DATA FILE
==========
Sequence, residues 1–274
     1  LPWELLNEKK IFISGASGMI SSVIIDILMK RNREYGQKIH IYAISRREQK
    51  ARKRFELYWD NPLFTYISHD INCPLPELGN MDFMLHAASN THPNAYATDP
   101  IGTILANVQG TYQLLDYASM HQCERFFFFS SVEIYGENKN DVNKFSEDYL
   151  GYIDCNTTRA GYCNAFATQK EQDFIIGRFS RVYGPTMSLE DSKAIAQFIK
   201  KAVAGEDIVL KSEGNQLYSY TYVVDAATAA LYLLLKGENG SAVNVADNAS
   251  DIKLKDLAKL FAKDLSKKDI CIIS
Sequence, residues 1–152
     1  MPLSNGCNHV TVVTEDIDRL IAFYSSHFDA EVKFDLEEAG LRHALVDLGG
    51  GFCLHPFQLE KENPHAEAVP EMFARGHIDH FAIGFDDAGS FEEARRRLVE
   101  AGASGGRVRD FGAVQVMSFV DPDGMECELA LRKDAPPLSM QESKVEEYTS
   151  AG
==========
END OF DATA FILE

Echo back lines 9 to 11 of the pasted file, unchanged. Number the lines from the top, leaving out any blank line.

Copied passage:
     1  MPLSNGCNHV TVVTEDIDRL IAFYSSHFDA EVKFDLEEAG LRHALVDLGG
    51  GFCLHPFQLE KENPHAEAVP EMFARGHIDH FAIGFDDAGS FEEARRRLVE
   101  AGASGGRVRD FGAVQVMSFV DPDGMECELA LRKDAPPLSM QESKVEEYTS